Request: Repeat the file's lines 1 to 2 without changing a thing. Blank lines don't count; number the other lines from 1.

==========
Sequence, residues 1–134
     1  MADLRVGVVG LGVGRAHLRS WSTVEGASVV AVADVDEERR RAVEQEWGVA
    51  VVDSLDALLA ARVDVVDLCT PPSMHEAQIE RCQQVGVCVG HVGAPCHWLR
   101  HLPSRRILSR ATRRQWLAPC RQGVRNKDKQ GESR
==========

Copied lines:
Sequence, residues 1–134
     1  MADLRVGVVG LGVGRAHLRS WSTVEGASVV AVADVDEERR RAVEQEWGVA